This story is told so beautifully and with such sentiment that I would be comfortable recommending it to any teen. I do think that it should be read in conjunction with more detailed and straight forward information about puberty and sex, or after a teen already understands more about it. The books makes things like, a first period, seem delicate and almost beautiful, it would be a nice counter to the harsh reality of the uterine line sloughing itself painfully off. 5P 4Q ( )
  Anna.Nash | Jun 10, 2013 |
Set in Korea, this "manhwa" (Korean for graphic novel) tells the story of Ehwa and her development as a young girl into a young woman. Raised by her widowed mother, this story is an empowering tale of a young girl and her mother and their self-discoveries. This book is beautifully told with the assistance of illustrations that paint the beauty of each season and the changes those season bring to the earth, and to Ehwa. Topics involving puberty and sexuality were surprising and may be shocking to some, but overall, this title which is the first part of a trilogy will enchant graphic novel fans into a tale of first love, and the emotions that follow. ( )
  estradav | Jun 10, 2013 |
Situated in Bucolic Korea, the coming of age story of Ehwa is presented to the reader in the engaging format of a graphic novel. After the death of her father, Ehwa faces difficulty as her mother transitions to a widow who must be the sole provider. Ehwa assists her mother with running a local tavern. The scorn of neighbors and customers become a contention for Ehwa's family life, but she manages to stay strong as she focuses on friendships and the possibility of love.This book was amazing! The illustrations were captivating and the written content was engaging. I personally believe all young adults would appreciate this work.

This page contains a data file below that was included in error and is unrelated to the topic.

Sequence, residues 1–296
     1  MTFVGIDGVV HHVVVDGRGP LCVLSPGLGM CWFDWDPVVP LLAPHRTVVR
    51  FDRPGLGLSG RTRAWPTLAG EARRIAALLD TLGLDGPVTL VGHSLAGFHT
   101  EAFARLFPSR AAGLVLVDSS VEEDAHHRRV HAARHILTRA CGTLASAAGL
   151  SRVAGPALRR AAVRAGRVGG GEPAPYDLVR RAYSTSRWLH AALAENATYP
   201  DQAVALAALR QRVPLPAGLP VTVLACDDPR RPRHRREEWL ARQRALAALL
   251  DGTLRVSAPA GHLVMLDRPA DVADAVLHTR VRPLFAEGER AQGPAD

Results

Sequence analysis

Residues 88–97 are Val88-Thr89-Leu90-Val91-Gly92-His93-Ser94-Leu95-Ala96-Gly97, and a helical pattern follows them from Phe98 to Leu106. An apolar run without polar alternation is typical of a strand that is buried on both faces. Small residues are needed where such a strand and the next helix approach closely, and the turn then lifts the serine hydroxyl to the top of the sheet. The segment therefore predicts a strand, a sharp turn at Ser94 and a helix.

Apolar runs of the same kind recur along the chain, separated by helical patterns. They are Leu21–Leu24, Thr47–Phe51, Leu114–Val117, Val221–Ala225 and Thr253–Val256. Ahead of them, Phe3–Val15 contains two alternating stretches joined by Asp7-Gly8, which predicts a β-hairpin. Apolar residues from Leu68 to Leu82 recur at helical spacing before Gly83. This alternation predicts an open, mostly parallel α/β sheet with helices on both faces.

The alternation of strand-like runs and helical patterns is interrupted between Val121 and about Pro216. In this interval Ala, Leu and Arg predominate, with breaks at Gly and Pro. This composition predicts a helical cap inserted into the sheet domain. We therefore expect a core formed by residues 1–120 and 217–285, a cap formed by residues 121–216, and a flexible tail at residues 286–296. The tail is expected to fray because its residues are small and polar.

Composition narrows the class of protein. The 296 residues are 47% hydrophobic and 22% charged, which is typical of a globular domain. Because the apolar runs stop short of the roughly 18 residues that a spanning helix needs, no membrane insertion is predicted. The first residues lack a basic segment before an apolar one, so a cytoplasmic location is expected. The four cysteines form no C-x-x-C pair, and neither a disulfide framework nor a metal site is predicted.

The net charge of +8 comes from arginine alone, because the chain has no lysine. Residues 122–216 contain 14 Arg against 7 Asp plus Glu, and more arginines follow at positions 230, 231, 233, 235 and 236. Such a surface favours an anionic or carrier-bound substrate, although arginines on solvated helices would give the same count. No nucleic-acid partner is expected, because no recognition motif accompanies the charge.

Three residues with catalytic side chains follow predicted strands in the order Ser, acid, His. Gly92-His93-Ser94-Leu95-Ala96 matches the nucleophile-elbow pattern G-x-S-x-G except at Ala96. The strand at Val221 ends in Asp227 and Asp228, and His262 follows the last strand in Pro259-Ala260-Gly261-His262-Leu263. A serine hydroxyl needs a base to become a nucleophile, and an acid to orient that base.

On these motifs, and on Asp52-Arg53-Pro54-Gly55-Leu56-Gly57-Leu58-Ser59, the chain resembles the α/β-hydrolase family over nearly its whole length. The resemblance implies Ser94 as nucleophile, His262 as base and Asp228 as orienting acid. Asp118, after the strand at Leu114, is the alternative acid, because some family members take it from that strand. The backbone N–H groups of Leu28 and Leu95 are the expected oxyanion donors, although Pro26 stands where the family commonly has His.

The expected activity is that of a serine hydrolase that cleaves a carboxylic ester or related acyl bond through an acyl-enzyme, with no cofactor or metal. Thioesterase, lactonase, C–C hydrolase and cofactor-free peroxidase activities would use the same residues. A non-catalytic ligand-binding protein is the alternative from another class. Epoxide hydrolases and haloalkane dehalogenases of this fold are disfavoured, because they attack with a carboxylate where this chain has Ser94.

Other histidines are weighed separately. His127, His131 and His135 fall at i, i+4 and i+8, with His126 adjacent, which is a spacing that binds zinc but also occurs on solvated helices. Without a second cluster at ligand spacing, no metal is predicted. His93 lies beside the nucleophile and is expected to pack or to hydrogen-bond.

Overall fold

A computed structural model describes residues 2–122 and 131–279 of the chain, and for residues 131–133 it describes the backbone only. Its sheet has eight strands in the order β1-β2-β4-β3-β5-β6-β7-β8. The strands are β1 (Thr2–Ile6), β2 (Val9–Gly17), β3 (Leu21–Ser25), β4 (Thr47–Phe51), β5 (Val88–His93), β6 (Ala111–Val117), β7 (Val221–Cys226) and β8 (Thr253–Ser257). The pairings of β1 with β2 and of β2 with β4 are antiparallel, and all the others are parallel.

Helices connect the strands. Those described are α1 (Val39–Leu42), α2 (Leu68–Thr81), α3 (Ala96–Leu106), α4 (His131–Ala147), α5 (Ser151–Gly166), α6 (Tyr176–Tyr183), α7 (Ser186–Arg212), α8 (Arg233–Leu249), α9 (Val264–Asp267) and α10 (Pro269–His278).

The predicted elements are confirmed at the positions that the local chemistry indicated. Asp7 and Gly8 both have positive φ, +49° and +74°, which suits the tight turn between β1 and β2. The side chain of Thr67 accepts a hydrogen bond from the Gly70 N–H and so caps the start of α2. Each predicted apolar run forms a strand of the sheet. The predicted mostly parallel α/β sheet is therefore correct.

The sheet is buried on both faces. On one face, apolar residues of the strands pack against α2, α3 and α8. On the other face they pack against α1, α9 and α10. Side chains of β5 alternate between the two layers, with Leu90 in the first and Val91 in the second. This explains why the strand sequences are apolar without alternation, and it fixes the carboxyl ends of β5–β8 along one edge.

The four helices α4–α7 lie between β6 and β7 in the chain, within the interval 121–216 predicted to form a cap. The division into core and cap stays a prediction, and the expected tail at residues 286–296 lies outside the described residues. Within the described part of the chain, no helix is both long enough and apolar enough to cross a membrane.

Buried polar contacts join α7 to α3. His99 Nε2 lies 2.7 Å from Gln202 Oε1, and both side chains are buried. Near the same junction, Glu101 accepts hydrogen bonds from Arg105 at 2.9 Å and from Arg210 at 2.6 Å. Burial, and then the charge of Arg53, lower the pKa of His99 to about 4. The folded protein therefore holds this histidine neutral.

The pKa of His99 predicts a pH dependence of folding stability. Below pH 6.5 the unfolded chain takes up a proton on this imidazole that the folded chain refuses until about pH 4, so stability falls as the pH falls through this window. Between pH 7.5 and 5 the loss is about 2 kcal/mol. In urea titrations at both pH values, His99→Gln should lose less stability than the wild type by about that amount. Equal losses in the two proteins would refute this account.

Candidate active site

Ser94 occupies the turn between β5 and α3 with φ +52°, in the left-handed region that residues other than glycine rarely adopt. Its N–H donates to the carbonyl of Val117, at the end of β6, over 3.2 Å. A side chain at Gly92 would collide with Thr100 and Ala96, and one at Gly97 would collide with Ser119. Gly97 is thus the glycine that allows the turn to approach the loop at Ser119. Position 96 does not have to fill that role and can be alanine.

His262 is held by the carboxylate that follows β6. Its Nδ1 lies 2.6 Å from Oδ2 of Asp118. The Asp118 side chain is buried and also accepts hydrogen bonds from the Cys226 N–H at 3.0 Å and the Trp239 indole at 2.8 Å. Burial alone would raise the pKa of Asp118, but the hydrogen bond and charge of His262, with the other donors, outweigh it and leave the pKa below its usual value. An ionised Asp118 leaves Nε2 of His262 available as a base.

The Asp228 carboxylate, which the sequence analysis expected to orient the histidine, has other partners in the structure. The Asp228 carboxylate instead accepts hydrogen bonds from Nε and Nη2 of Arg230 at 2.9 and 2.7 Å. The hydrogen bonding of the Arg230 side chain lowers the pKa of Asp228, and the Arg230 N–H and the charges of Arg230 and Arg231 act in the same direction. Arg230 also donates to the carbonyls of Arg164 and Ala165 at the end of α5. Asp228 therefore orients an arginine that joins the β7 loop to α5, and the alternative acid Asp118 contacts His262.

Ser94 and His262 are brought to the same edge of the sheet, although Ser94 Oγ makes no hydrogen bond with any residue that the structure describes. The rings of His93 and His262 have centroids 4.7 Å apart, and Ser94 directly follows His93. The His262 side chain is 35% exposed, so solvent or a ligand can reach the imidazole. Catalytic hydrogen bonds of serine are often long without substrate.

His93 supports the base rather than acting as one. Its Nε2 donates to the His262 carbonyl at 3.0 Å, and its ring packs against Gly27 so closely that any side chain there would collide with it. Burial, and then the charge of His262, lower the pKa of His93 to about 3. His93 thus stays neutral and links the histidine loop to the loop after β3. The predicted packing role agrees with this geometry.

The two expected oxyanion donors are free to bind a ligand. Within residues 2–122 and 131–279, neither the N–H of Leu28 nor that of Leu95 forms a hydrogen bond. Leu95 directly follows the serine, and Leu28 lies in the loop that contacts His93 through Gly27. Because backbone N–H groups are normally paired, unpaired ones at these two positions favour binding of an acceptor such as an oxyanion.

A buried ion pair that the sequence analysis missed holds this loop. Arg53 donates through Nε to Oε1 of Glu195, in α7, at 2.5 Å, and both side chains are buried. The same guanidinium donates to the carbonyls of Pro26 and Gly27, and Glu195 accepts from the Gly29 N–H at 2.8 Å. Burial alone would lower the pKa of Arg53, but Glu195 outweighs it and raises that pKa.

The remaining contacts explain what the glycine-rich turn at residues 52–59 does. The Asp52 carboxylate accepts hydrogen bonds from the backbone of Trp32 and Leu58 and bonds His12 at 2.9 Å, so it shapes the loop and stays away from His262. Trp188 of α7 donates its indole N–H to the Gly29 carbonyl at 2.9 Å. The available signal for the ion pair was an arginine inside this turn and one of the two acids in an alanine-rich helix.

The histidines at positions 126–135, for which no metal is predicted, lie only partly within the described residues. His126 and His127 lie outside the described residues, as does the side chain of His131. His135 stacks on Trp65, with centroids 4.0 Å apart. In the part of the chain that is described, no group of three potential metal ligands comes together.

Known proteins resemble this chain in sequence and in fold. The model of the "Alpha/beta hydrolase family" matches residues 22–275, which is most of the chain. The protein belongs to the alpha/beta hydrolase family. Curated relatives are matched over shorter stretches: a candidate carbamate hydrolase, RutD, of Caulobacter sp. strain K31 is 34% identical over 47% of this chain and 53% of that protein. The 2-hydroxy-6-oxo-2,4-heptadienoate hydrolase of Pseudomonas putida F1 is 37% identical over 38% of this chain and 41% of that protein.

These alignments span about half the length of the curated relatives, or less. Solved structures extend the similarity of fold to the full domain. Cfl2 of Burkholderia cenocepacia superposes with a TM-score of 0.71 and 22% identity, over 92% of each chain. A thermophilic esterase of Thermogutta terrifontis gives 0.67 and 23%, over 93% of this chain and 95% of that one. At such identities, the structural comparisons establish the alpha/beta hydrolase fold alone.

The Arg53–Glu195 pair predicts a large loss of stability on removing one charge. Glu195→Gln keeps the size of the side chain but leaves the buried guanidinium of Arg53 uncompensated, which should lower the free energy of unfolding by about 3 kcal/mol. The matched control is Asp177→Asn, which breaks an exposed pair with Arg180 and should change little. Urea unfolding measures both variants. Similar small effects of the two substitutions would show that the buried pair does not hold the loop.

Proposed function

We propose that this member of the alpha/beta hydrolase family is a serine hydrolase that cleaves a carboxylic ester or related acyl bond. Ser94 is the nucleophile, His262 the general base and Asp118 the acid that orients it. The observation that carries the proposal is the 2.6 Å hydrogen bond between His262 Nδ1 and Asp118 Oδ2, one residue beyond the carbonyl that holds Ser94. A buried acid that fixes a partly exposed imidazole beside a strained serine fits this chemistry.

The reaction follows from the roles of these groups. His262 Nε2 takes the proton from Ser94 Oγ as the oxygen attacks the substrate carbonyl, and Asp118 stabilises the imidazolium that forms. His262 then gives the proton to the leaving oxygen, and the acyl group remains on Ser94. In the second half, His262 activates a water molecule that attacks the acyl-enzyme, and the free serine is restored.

"No matter how beautiful it adorns itself, no butterfly will land on its petals even after the last bud has bloomed. That's why the camellia is also a silly flower-It only flowers to have unrequited love." (155)
  tra-fos | Jun 9, 2013 |
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In a timeless village in rural Korea, young Ehwa and her widowed mother live quietly together, best friends and confidantes. With each year that passes, Ehwa blossoms into a young woman as the spring rains bring a new glow to the verdant landscape around them. More changes come with the spring: a chance meeting with a young monk stirs new emotions in Ehwa's heart, and a mysterious artist becomes the first man to catch her mother's eye since Ehwa's father died. As Ehwa discovers love and desire for the first time, her mother learns to open her heart again.… (more)